Catching Sinon Unmet Requests

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Catching Sinon Unmet Requests

What is it?

Track AJAX requests that have not been responded to by the Sinon.JS fake XMLHttpRequest server.

Why is it important?

It can be difficult to figure out whether a request has been responded to. Figuring it out can be time consuming and troublesome. This method catches everything.

How do we do it?

I am using Mocha and Chai, but this should work as well with other frameworks’ equivalent hooks.

I use a global

1
xhr_server
variable to create the Sinon.js server like this:

  xhr_server = sinon.fakeServer.create()

Because I want to capture every AJAX request I do not put this into a

1
before
or
1
beforeEach
with matching restoration in
1
after
/
1
afterEach
. Any AJAX request made on my testing page ought to be intercepted by the fake server.

So after every test one can check the Sinon.js

1
queue
that tells us what requests were made:

  afterEach ->
    if xhr_server.queue
      # Print something that tells us what's happening.
      console.log("Unmet Requests:",
        xhr_server.queue.map((m) -> m.url).join(", ")
      )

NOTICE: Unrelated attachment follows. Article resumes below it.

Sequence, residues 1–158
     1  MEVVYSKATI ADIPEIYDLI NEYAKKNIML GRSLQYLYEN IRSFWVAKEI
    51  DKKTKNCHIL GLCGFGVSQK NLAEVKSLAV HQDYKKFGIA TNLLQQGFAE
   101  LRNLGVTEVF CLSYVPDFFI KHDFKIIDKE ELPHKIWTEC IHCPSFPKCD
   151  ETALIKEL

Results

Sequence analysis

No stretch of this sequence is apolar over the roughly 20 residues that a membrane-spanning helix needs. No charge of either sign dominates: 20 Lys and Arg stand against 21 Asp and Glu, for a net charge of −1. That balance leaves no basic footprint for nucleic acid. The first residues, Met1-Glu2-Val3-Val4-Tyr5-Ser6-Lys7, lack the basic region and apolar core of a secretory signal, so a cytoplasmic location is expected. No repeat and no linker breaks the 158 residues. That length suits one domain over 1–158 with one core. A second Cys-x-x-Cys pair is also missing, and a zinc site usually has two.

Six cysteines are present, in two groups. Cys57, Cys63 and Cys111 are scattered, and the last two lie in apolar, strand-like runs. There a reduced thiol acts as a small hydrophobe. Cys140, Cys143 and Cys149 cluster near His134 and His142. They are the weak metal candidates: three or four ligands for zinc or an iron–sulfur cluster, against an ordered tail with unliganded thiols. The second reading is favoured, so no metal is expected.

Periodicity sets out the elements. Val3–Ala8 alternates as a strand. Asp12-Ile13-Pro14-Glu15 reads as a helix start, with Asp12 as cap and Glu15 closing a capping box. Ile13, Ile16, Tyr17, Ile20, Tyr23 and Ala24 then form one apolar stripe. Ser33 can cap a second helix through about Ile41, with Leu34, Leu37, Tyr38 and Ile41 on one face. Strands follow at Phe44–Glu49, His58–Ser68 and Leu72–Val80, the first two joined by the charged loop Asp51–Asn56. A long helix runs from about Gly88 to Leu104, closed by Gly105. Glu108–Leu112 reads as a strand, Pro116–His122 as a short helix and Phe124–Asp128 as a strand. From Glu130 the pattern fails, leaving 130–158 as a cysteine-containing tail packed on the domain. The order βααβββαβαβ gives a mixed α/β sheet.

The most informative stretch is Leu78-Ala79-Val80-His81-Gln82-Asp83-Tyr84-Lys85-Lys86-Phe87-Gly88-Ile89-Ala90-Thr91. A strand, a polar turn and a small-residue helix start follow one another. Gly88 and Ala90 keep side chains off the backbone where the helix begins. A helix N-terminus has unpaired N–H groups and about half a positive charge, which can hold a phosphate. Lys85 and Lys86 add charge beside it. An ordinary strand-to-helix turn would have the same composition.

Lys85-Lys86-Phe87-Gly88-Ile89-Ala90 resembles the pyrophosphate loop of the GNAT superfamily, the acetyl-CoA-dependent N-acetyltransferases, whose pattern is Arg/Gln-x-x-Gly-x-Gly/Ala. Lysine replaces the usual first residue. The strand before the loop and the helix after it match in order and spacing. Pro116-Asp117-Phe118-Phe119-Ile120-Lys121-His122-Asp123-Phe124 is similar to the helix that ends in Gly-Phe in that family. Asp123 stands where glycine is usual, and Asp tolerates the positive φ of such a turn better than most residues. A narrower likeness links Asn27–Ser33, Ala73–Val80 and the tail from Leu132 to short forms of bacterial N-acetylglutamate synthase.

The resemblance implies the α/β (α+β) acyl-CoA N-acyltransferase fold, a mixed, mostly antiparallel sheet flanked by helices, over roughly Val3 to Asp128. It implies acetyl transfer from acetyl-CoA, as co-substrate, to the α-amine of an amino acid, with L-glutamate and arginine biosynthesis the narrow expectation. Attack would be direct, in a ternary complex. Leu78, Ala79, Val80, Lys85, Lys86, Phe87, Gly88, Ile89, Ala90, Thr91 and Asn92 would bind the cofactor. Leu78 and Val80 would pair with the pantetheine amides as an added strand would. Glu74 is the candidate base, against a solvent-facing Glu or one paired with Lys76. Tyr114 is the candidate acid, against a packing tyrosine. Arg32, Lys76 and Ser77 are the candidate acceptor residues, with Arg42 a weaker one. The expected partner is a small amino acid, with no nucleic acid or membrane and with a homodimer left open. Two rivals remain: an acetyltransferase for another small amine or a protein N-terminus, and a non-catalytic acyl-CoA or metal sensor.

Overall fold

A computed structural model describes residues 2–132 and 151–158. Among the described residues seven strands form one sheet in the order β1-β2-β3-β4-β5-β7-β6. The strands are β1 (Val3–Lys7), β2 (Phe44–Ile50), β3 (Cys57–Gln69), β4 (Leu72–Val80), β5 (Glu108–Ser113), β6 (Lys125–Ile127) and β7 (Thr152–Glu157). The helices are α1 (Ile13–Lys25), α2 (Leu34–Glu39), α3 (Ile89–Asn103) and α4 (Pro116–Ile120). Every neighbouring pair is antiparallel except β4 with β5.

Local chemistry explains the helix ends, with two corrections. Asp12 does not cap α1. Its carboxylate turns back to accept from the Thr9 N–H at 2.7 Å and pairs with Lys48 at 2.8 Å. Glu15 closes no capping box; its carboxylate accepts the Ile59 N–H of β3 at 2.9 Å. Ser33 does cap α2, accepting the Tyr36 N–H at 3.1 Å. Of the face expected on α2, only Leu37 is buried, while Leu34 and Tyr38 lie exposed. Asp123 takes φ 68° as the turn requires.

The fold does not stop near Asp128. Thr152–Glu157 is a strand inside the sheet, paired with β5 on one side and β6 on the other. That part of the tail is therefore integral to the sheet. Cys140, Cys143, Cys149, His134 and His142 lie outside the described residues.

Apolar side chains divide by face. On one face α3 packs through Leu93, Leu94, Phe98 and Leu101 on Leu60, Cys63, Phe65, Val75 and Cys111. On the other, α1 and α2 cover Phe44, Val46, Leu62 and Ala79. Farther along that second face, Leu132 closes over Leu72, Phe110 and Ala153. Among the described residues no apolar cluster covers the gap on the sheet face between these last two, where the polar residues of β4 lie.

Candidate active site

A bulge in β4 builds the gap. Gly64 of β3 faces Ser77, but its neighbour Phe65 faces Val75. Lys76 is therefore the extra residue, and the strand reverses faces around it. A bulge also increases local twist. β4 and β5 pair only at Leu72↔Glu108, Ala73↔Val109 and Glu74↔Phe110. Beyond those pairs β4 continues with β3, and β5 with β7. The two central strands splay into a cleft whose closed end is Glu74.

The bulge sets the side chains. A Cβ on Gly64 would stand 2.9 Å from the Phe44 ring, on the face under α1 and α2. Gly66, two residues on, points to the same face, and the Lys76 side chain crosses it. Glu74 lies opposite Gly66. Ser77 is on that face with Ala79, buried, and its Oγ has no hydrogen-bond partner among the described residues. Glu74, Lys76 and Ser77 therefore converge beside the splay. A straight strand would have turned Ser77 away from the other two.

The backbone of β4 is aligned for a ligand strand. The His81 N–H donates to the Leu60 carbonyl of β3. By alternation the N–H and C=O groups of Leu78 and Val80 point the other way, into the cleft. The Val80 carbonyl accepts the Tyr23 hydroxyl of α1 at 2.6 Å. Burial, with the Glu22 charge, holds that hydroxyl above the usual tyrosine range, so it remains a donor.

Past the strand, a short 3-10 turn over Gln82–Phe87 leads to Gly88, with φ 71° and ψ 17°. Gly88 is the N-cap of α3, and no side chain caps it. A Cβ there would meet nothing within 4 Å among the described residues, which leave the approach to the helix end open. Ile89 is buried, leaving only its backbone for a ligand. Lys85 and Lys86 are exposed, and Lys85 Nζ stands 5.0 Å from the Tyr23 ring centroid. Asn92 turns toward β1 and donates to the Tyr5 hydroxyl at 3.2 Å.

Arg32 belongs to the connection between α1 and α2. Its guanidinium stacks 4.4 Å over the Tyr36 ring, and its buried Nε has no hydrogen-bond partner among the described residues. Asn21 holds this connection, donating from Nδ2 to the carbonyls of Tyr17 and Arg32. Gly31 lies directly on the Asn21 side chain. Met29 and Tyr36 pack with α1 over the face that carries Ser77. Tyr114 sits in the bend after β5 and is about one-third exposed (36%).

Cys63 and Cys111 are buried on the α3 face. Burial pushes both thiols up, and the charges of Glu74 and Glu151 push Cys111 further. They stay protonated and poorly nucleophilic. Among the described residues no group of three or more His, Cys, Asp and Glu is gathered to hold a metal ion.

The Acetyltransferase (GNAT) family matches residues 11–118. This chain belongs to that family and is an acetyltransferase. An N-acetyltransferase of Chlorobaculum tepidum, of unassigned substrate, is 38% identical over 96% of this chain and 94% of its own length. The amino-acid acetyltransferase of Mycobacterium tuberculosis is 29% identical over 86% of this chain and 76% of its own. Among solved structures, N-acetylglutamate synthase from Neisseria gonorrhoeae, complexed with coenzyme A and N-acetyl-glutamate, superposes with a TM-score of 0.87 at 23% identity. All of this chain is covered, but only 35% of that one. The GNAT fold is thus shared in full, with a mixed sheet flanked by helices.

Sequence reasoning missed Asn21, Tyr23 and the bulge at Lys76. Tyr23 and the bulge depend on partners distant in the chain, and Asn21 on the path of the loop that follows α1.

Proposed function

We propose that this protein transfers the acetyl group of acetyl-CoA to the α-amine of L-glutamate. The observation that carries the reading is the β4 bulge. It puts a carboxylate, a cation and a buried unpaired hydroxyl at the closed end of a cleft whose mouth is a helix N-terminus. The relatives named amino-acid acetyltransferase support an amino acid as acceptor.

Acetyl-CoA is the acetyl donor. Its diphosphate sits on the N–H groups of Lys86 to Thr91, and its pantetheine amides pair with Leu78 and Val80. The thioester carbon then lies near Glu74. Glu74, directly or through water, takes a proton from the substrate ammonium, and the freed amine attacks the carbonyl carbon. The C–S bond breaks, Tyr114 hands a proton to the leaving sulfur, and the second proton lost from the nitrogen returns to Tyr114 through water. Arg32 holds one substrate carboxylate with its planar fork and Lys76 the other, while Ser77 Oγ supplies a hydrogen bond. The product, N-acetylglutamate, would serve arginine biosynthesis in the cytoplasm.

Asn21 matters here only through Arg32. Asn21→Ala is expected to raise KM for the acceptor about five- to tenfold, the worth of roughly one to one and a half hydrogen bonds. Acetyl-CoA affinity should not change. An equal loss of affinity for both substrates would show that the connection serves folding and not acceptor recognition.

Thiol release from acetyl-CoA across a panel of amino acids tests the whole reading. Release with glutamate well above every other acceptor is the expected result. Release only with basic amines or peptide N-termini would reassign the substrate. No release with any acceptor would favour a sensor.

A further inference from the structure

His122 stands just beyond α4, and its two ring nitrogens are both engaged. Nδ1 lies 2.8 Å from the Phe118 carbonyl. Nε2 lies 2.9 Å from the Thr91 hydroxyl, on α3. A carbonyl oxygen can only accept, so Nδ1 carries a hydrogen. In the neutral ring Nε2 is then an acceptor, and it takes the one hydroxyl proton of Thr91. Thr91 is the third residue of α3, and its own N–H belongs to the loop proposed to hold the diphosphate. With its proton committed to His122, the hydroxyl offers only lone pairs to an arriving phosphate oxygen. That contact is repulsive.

xhr_server.queue.length = 0
    if xhr_server.responses
      xhr_server.responses.length = 0

Note that we empty the server responses and queue for the next test.

Now whenever a request is unmet, we get:

1
>>> Unmet Requests: /test_url /test_url_2

Caveats

There are two caveats to this strategy. First, we cannot match the test that calls

1
afterEach
to the request. The queue may contain requests made by latent asynchronous calls generated in a prior test. I am not certain this is a solvable problem.

Second, and in a related vein, if any request is made after all the tests are complete those requests will not be printed to the screen.

One can solve this latter problem by changing the

1
xhr_server.xhr.onCreate
callback after the test-runner completes. For example:

mocha.run(->
   xhr_server.xhr.onCreate = (req) ->
    console.error("XHR request made to #{req.url} after tests.",
      req)
)

Summary

This is just a little trick to rein in and tame what can be a wild asynchronous world. I find it quite helpful, and hope you find it valuable.